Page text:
FAMILIAL MEDITERRANEAN FEVER: A REVIEW OF THE CURRENT STATE OF THE PROBLEM AND CLINICAL CASE REPORT
Yaremenko O.B.1, Sydorova A.O.2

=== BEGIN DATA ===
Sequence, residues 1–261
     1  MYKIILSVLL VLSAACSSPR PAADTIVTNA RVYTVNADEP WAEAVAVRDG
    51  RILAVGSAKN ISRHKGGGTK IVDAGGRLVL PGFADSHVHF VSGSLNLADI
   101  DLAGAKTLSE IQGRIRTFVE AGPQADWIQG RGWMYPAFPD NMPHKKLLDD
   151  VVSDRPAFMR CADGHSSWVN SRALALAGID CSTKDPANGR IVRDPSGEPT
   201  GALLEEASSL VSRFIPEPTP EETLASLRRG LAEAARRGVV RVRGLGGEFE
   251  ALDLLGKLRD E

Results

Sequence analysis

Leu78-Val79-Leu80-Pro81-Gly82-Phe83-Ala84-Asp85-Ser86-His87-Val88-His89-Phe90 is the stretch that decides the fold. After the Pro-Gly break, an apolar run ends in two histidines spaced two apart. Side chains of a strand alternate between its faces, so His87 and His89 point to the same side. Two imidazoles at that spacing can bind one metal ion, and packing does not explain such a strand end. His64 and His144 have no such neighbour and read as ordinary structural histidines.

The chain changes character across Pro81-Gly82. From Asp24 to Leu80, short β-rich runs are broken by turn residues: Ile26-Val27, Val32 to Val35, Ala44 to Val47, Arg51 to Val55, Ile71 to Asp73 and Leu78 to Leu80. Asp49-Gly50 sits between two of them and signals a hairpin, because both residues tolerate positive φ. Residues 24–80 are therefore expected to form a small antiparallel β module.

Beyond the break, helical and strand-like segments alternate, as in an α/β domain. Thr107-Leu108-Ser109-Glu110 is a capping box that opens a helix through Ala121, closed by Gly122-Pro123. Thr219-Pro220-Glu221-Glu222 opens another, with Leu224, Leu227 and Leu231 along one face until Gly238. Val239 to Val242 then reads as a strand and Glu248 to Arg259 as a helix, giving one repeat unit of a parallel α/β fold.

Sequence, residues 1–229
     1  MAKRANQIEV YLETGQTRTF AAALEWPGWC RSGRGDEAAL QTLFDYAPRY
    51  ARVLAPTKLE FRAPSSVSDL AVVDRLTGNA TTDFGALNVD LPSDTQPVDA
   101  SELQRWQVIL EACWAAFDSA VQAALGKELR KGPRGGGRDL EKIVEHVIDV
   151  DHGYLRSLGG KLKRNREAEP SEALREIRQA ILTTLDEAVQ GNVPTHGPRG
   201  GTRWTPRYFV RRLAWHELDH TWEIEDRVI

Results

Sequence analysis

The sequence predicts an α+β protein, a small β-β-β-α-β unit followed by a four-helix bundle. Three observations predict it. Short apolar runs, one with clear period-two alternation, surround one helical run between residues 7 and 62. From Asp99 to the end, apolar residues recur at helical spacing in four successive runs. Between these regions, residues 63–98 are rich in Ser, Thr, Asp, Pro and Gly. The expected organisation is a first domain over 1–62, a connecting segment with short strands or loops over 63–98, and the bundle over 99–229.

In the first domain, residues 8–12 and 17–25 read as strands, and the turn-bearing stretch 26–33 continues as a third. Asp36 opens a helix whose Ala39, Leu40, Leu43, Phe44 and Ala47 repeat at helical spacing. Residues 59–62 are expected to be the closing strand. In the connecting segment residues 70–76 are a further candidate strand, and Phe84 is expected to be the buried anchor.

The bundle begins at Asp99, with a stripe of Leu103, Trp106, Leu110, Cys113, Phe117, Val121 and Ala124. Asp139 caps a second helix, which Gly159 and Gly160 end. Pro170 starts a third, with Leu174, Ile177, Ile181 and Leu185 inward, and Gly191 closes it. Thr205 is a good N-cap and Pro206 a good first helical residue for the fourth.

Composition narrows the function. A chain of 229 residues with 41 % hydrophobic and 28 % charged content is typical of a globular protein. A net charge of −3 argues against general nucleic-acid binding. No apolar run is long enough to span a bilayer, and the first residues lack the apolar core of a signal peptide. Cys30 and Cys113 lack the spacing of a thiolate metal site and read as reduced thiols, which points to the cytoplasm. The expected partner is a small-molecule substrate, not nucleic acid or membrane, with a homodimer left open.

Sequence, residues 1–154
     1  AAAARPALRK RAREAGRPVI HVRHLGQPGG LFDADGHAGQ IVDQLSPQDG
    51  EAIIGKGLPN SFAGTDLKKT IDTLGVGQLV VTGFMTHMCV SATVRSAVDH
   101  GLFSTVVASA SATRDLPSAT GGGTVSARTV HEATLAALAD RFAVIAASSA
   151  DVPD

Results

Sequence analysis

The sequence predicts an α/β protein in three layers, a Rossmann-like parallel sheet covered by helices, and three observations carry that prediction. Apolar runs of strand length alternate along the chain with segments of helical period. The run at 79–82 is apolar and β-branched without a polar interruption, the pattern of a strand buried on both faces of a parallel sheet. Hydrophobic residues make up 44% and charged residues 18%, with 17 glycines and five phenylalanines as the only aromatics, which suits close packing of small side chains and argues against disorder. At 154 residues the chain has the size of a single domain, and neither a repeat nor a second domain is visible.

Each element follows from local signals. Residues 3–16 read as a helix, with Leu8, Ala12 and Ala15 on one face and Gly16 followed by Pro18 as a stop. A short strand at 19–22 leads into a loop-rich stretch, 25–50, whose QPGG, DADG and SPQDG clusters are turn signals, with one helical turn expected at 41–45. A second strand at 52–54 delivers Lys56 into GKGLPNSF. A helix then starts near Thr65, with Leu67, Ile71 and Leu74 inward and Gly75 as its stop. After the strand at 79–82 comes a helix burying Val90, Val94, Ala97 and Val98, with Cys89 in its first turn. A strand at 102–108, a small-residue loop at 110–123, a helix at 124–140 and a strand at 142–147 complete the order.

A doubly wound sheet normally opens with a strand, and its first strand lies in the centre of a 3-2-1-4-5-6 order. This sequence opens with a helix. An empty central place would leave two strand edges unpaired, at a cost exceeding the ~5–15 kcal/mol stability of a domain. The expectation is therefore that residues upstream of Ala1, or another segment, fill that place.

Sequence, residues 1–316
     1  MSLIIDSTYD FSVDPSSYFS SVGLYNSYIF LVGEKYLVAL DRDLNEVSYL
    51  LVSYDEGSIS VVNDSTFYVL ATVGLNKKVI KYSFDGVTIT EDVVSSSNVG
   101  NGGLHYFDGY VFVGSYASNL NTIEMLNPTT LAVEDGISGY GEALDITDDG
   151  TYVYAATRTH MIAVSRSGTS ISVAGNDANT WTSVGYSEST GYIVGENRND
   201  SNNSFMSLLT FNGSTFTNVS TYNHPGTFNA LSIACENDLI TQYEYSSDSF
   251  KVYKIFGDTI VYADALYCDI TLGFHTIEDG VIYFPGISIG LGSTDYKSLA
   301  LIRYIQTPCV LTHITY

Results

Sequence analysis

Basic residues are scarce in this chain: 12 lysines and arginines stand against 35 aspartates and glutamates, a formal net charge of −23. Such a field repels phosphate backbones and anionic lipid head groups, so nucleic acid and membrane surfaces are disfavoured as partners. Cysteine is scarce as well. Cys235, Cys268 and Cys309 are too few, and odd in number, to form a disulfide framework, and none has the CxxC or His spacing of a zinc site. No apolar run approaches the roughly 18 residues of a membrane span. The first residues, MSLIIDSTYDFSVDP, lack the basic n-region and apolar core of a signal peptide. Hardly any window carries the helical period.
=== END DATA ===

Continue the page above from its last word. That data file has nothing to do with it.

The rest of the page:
Summary. Relevance. Systemic autoinflammatory diseases are a group of inflammatory disorders caused by dysregulation of the innate immune system. Family Mediterranean fever (FMF) is the most common hereditary autoinflammatory disease, which is characterized by recurrent short-term attacks of fever and serositis, leading to the development of complications in the form of AA amyloidosis. Purpose of the study. To summarize the current literature data about pathogenesis, clinical manifestations, new Eurofever/PRINTO classification criteria, application of molecular genetic testing, and approaches to FMF treatment, to analyze the clinical case within the framework of the updated recommendations. Materials and methods. This article reviews the literature about FMF and autoinflammatory disease and describes a clinical case from our practice with its interpretation. Results. FMF is an autosomal recessive disease associated with a mutation in the MEFV gene, which encodes pyrin, a protein that plays an important role in the inflammatory response due to the uncontrolled release of interleukin 1 (IL-1). Colchicine has been the basis of FMF treatment since 1972, effectively preventing attacks and suppressing subclinical inflammation in most patients. In the absence of a clinical effect, IL-1 blockade may be an alternative therapy. The relative rarity and a wide range of clinical manifestations of FMF often complicate differential diagnosis and delay the initiation of treatment in a significant proportion of patients. A clinical case of this disease with a debut at the age of 30 in a patient of Assyrian origin is described in this article. Мain symptoms were short-term attacks of mono- or oligoarthritis, which were accompanied by fever, resolved spontaneously, and had long asymptomatic periods between them. Conclusions. FMF diagnosis should be based on the clinical picture of the disease, ethnicity of patient, and response to colchicine therapy. Genetic testing plays an important, but limited role in making the diagnosis. Treatment with colchicine or biologic drugs allows patients with FMF to live a normal life without restrictions and a significant risk of complications. The described clinical case demonstrates the evolution of FMF symptoms for 5 years without appropriate treatment.
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